Cloud & MLOps ☁️
Ray Serve
Ray Serve

Ray Serve Overview

Ray Serve is a powerful component of the Ray ecosystem designed for efficient and scalable model serving.

Introduction to Ray and its Ecosystem

Ray offers a scalable and flexible runtime for the entire ML lifecycle through the Ray AI Runtime (AIR) (opens in a new tab) initiative. The project seamlessly integrates with other top-tier libraries to form a best-of-breed MLOps ecosystem (opens in a new tab). Ray Serve (opens in a new tab), a particular component of this ecosystem, bridges the divide between the backend and ML engineering by providing a clear abstraction between development and deployment.

Ray Ecosystem

Defining Ray Serve

Ray Serve is an advanced model serving library built for crafting online inference APIs. Serve is framework-agnostic, so you can use a single toolkit to serve everything from deep learning models built with frameworks like PyTorch, Tensorflow, and Keras, to Scikit-Learn models, to arbitrary Python business logic. It has several features and performance optimizations for serving Large Language Models such as response streaming, dynamic request batching, multi-node/multi-GPU serving, etc.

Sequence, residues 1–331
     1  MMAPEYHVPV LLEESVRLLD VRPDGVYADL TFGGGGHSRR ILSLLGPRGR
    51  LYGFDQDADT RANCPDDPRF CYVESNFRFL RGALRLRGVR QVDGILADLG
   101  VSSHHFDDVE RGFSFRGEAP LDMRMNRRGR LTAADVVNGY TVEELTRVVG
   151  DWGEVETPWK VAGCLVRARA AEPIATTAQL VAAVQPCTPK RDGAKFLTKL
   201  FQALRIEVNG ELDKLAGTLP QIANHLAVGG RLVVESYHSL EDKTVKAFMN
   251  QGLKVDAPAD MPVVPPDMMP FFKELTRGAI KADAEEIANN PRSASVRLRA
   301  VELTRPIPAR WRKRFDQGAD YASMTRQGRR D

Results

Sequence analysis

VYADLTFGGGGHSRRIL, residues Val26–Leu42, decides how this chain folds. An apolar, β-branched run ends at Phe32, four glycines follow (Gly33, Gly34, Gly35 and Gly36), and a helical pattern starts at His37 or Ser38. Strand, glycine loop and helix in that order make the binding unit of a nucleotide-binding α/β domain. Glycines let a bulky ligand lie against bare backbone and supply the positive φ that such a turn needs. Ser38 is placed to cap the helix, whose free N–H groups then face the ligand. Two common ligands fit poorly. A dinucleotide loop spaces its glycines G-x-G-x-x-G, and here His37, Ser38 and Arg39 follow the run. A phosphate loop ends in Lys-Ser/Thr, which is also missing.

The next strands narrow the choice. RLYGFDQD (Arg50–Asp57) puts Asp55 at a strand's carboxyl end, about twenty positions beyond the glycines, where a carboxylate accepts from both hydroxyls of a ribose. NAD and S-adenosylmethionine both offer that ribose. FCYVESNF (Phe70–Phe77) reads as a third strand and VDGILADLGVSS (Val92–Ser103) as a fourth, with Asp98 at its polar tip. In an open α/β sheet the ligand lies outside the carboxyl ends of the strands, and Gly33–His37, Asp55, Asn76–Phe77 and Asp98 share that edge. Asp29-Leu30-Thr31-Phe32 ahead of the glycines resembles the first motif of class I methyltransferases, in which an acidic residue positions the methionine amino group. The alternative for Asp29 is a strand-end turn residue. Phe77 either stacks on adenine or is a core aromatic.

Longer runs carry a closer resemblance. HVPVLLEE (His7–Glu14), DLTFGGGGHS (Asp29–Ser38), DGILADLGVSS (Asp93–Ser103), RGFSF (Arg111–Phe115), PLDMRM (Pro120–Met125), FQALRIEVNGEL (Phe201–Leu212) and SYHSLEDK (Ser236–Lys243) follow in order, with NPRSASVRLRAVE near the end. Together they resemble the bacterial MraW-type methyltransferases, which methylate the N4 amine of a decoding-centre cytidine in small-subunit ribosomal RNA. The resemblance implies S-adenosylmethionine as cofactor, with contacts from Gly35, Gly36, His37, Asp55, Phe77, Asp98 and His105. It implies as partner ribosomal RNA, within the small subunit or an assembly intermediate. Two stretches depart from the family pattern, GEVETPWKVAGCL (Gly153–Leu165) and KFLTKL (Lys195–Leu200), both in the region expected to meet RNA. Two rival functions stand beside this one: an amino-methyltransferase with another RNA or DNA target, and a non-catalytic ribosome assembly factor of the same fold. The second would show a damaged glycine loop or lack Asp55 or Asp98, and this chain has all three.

Key features include:

  • Scalability: Horizontally scale across hundreds of processes or machines, while keeping the overhead in single-digit milliseconds
  • Multi-model composition: Easily compose multiple models, mix model serving with business logic, and independently scale components, without complex microservices.
  • Batching: Native support for batching requests to better utilize hardware and improve throughput.
  • FastAPI Integration: Scale an existing FastAPI server easily or define an HTTP interface for your model using its simple, elegant API.
  • Framework-agnostic: Use a single toolkit to serve everything from deep learning models built with frameworks like PyTorch, Tensorflow and Keras, to Scikit-Learn models, to arbitrary Python business logic.

Ray Serve operates on the Ray distributed computing platform, leveraging its capabilities to efficiently scale across numerous machines within datacenters or cloud environments.